Budget overhauls loom as FCPS approaches $100 million deficit

For the 2015-16 school year, there is a projected shortfall of eight million dollars. Fairfax County Public Schools predicts that the 2016-17 school year will see a 100 million dollar deficit. To properly operate schools with this deficit, the FCPS website suggests that programs will need to be cut. The trend #SaveFCPS has transpired to protest this gap.

According to the FCPS website, teachers have not received a pay raise since the 2007-08 school year. Considering inflation, this means that their pay has essentially decreased in the economy.

FCPS recognizes that maintaining the caliber of the school systems requires top-notch educators. As such, its website states that if the funds are not available, programs are going to have to take the cost.

The School Board and Dr. Garza asked the Board of Supervisors for a 3.9% increase, and they gave her a 3.2%, so that was a 7.6 million deficit. This deficit leads to teachers receiving a step increase in their salary, plus a normal 1% cost of living wage received a .38% reduction in that cost of living wage, which means that the teachers are scheduled to get a step and a .62 cost of living wage.

According to Principal Jeffrey Litz, the county has cut over $500 million and let over 2100 employees from FCPS go since 2008.

This deficit will further inconsistencies among teacher salary in FCPS.

“FCPS starts towards the top in terms of beginning teachers, about ten years in we end up in the middle, and towards the end of a teachers career, we now end up at the bottom, which in the last 7 years has been unprecedented. Typically FCPS has been at the top of salary scales across a teachers career. So the deficit has really been taken out of teacher salary amongst other programs that have been cut. And now for the fiscal year 2017 with the over 100 million deficit forecasted, I don’t know how things are going to turn out really at this point. We’re going to have to take a serious look at programs,” Litz said.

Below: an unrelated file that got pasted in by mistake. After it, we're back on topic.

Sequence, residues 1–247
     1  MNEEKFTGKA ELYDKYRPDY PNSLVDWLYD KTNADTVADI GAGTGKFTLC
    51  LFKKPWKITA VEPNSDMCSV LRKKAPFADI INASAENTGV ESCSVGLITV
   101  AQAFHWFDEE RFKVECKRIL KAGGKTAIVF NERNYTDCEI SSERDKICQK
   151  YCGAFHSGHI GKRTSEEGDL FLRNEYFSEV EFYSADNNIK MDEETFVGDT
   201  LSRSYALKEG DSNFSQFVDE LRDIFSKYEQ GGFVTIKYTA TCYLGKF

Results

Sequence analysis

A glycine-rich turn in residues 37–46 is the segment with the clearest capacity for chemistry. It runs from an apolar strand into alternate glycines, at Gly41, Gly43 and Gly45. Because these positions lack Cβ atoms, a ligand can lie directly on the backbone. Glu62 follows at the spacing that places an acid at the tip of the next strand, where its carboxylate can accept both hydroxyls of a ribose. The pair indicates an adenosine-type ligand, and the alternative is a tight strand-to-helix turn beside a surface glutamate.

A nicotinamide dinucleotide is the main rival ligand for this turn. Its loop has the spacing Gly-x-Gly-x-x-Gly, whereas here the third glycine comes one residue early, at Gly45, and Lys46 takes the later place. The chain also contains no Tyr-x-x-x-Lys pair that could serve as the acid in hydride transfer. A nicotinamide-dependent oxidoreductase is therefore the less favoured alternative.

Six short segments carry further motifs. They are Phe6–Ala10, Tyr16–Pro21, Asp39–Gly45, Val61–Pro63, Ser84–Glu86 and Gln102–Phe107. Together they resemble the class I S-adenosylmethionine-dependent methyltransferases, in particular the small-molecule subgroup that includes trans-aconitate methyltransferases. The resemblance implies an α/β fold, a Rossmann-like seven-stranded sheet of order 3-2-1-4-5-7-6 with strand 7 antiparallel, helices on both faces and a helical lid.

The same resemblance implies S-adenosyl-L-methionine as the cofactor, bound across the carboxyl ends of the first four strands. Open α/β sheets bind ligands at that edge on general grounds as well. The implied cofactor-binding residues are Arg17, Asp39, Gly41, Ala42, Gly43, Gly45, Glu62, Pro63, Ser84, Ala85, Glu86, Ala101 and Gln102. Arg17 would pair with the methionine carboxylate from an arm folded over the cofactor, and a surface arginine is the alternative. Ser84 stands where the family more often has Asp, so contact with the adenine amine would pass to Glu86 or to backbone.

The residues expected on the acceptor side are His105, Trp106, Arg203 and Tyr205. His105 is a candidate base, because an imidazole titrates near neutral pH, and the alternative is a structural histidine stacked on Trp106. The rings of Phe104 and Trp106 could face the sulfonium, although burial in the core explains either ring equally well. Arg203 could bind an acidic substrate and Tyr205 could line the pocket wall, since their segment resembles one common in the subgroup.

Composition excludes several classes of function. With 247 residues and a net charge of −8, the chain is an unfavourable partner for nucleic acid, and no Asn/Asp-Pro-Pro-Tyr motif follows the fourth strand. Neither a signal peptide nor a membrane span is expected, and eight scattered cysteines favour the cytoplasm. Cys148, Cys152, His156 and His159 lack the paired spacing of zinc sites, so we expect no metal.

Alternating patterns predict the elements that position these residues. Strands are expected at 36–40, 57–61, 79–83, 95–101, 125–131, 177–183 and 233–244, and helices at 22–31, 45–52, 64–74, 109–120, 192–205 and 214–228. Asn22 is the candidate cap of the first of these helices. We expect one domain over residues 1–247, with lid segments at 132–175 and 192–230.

Litz also stated that the concept of a six-period day has been introduced.

“I’ve heard things floated and this has been floated before, going to a six period day instead of a seven period day. This would save a considerable amount of money, but it would not be good for the student’s well being. It would cut the arts,” Litz said.

On Twitter, the #SaveFCPS spread, originally tweeted by McLean High School student Emily Robison with several teachers expressing their angst against this budget deficit.

“If we don’t start funding our schools appropriately, Fairfax County will no longer continue to be a premier system,” English teacher Cheryl Binkley said.

With this deficit, leaders of Fairfax County are confronted with the issue of teachers leaving to counties with better pay.

“I worry about that. You know Fairfax County is not an inexpensive place to live, but I think individual teachers and families have to make the decision about what’s best for them,” Litz said.

In some states, school boards have the ability to raise taxes. Virginia does not. This means that any raise in taxes to reduce the deficit would have to originate from the Board of Supervisors, who are having trouble with their own budget.

“But only about 25% of residents in Fairfax county have school-aged children. So 70-75% folks in Fairfax County not having school aged children and raising taxes specifically for the schools is not the most popular idea,” Litz said.

The issue of advanced high school testing cost also arises.

“Right now, the county absorbs the cost of students’ AP and IB testing, which amounts to about $5 million a year. If the trajectory continues, they will not be able to afford that,and that cost could be transferred to the students,” Binkley said.

As tension increases as we inch closer to the 2017 fiscal year, Litz states that, “There’s going to have to be some give and take and some balance.”